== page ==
Fitts reassures international students of future at Tulane

Gabby Abrams, News Editor

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Uncertainty, anxiety and stress are common threads underscoring the experiences of over 1 million international college students, including Tulane University students, throughout the COVID-19 pandemic. Since mid-March and the dedensification of the university, Tulane’s international students have faced pressures including limited flights to their home countries, travel bans and economic hardships resulting from the devastating impact of the pandemic on the worldwide economy.

On Monday, July 6, the U.S. Immigration and Customs Enforcement announced another obstacle that international students in the U.S. will be forced to grapple with. This directive by the Trump administration would nullify the visas of international students enrolled in entirely online courses at U.S. universities, potentially resulting in deportations.

In response to this news, Tulane’s President Mike Fitts sent an email to the Tulane community on Wednesday, July 8, detailing his “commitment to the protection of our international students.”

In the email, Fitts explained that since Tulane will be holding both in-person and online courses beginning Aug. 19, international students should remain eligible to attend classes on campus. He proceeded to enumerate Tulane’s gratitude for the influence that international students have on university’s community, writing that “the expertise, insights, perspectives and experiences of international students are critical to the mission of a major research university such as Tulane.”

Fitts’ letter does not, however, include any condemnation of the actions that ICE is taking or of the country’s current administration.

Fitts’ letter was released after a July 7 petition created by recent Tulane graduate Kelly Colligan, titled “Dear Tulane, stop ICE from deporting your students on college visas.” Colligan called on the university to do everything in its power to protect international students from deportation amongst uncertainties surrounding the fall semester. The petition has amassed nearly a thousand signatures since its creation.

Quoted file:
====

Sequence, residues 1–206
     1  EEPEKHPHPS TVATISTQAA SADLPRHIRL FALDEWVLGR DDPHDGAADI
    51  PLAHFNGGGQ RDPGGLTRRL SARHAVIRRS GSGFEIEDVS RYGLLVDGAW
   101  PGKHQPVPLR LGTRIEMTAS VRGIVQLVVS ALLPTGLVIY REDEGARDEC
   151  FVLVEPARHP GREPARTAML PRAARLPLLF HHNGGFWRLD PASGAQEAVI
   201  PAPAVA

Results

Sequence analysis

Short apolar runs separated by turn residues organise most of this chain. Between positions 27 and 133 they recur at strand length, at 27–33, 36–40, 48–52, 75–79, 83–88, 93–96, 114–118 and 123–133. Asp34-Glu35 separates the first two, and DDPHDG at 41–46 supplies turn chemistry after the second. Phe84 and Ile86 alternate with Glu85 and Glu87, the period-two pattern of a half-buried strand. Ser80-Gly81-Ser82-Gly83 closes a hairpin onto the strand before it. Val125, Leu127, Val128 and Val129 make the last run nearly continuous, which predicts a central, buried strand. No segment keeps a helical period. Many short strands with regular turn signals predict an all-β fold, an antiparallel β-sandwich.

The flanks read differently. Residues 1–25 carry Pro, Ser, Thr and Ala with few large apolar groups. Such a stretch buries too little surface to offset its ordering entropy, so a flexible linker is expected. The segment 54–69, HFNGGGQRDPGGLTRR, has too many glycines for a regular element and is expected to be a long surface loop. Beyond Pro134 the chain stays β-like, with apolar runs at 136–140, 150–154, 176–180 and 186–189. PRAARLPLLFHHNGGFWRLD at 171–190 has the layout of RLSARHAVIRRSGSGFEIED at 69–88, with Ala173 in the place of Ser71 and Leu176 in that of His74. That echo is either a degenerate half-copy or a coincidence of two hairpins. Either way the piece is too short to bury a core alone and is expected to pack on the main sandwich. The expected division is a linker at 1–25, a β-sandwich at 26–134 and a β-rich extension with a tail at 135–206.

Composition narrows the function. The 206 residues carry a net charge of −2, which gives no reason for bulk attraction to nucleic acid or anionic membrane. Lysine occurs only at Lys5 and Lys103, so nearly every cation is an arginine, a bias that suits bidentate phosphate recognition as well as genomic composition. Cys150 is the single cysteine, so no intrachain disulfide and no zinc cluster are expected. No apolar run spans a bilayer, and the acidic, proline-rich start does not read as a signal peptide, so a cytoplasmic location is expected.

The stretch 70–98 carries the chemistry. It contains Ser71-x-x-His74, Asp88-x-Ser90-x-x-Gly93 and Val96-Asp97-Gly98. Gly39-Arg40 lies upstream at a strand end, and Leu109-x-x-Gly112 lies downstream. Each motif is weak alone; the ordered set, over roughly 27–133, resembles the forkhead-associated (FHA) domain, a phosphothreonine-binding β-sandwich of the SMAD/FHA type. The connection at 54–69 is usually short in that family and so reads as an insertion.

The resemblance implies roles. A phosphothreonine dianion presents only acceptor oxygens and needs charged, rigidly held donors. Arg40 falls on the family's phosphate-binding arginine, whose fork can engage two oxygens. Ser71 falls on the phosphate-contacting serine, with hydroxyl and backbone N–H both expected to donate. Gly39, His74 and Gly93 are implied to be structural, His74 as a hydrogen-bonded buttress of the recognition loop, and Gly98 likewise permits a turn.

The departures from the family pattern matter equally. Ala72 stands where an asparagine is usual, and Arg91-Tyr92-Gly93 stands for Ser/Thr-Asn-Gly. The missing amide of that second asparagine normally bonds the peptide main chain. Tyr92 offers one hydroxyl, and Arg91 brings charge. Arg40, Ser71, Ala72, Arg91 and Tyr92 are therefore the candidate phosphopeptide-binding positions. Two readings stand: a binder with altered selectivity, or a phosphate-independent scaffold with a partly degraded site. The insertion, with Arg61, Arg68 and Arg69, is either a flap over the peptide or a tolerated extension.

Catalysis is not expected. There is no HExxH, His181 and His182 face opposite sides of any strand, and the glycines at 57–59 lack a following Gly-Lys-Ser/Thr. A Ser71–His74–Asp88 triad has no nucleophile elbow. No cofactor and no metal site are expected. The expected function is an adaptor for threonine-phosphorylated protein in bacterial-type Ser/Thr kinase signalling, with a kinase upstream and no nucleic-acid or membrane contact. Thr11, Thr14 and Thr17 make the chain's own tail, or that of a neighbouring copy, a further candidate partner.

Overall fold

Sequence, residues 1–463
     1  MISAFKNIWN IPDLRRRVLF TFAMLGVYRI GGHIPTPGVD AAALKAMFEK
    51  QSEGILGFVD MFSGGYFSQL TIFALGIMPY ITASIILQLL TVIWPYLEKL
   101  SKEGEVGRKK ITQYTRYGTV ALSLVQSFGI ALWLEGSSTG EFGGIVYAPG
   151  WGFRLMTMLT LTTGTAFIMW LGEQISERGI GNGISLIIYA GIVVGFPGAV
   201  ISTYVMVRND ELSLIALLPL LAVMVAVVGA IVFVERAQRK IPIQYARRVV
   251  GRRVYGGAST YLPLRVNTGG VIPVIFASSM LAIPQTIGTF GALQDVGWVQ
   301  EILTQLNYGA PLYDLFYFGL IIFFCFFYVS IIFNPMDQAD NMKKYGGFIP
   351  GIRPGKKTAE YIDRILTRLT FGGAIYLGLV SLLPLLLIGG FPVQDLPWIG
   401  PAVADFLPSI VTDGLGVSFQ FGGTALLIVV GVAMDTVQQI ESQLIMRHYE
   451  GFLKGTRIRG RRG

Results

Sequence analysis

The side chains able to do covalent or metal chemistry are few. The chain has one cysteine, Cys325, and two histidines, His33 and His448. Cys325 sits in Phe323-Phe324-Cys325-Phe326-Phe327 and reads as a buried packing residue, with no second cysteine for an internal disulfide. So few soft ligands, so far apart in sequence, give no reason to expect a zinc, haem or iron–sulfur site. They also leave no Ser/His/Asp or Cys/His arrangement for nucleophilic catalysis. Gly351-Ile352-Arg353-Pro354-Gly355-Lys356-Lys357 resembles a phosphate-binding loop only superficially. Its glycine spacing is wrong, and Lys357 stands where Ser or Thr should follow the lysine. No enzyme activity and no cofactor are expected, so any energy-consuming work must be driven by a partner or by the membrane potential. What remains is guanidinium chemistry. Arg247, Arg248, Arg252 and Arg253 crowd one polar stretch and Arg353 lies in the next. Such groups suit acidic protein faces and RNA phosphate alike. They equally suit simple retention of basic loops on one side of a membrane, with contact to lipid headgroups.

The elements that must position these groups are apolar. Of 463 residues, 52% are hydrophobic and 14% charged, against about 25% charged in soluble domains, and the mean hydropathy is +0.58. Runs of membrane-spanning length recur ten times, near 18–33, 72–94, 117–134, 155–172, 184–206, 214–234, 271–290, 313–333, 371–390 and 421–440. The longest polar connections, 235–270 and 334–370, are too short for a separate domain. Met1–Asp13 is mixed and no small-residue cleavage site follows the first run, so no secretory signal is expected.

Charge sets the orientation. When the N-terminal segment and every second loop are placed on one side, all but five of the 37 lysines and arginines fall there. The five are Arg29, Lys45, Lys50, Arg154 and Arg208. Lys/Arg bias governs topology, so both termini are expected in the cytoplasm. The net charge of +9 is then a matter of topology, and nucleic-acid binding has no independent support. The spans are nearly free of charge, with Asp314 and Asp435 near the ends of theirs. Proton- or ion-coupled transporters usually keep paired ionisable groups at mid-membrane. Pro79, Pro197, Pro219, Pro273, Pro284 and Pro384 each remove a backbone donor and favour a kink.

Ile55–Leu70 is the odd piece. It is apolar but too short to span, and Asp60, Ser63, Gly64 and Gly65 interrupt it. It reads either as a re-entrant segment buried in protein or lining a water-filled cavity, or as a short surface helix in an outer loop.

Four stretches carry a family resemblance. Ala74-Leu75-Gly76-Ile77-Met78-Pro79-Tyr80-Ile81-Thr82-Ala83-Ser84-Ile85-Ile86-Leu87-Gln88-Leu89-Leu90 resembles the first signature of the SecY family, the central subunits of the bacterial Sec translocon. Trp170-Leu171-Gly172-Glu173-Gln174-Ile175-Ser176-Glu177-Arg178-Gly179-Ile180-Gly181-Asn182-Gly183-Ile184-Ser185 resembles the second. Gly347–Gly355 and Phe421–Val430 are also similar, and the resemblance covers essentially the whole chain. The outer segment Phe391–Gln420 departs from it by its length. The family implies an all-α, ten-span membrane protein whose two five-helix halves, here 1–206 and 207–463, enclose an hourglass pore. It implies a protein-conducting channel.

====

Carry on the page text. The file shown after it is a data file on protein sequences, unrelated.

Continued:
Tulane’s response to this dilemma is especially pertinent considering that the Class of 2024 is the most globally diverse group of students in the school’s history. Fitts’ words serve as a stress reliever for 160 international first-year students from 20 different countries, relying on F-1 visas to remain on campus in the fall.

The Office of Study Abroad and Office of International Students and Scholars also remain committed to supporting the university’s international students. The two offices are working to provide assistance with meeting federal requirements for F-1 visas by providing educational opportunities with Study Away programs. Furthermore, undergraduate students in mainland China are able to enroll into the Tulane Global Shanghai program through the university’s partnership with the Council on International Educational Exchange.

Other institutions of higher education have also declared their support of international students through various approaches. Notably, Harvard University and the Massachusetts Institute for Technology announced Wednesday their lawsuit  against the Trump administration for their recent directive. Northeastern University announced Wednesday afternoon that they will be joining the lawsuit and Cornell University, Dartmouth College, Duke University, University of Pennsylvania and Princeton University, among other schools, also committed to writing amicus briefs in support of the suit.

Students at the University of California, Berkeley are taking a creative approach to aiding fellow international students amidst ICE’s announcement. Their plan, devised shortly after the announcement on Monday and shared widely over social media, would involve creating a one credit, student-run, in-person course for international students that require a physical course to maintain their visa. Members of various other universities have followed suit in attempts to create one credit in-person courses and protect international students.

Fitts’ concluded his Wednesday letter with a note on Tulane’s motto. “‘Not for one’s self, but for one’s own’ is a motto that begins at home and stretches around the globe  wherever Tulanians live,” Fitts wrote.

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